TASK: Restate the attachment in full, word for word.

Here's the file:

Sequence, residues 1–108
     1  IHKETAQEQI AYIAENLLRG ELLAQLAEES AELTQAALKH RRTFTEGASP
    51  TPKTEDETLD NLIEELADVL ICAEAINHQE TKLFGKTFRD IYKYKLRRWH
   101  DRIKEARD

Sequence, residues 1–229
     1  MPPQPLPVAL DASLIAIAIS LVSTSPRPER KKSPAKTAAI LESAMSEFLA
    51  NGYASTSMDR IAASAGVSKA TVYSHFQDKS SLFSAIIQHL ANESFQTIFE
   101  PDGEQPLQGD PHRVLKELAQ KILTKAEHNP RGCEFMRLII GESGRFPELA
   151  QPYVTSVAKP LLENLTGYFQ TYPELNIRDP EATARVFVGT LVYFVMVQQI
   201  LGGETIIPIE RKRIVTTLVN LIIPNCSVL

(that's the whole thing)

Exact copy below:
Sequence, residues 1–108
     1  IHKETAQEQI AYIAENLLRG ELLAQLAEES AELTQAALKH RRTFTEGASP
    51  TPKTEDETLD NLIEELADVL ICAEAINHQE TKLFGKTFRD IYKYKLRRWH
   101  DRIKEARD

Sequence, residues 1–229
     1  MPPQPLPVAL DASLIAIAIS LVSTSPRPER KKSPAKTAAI LESAMSEFLA
    51  NGYASTSMDR IAASAGVSKA TVYSHFQDKS SLFSAIIQHL ANESFQTIFE
   101  PDGEQPLQGD PHRVLKELAQ KILTKAEHNP RGCEFMRLII GESGRFPELA
   151  QPYVTSVAKP LLENLTGYFQ TYPELNIRDP EATARVFVGT LVYFVMVQQI
   201  LGGETIIPIE RKRIVTTLVN LIIPNCSVL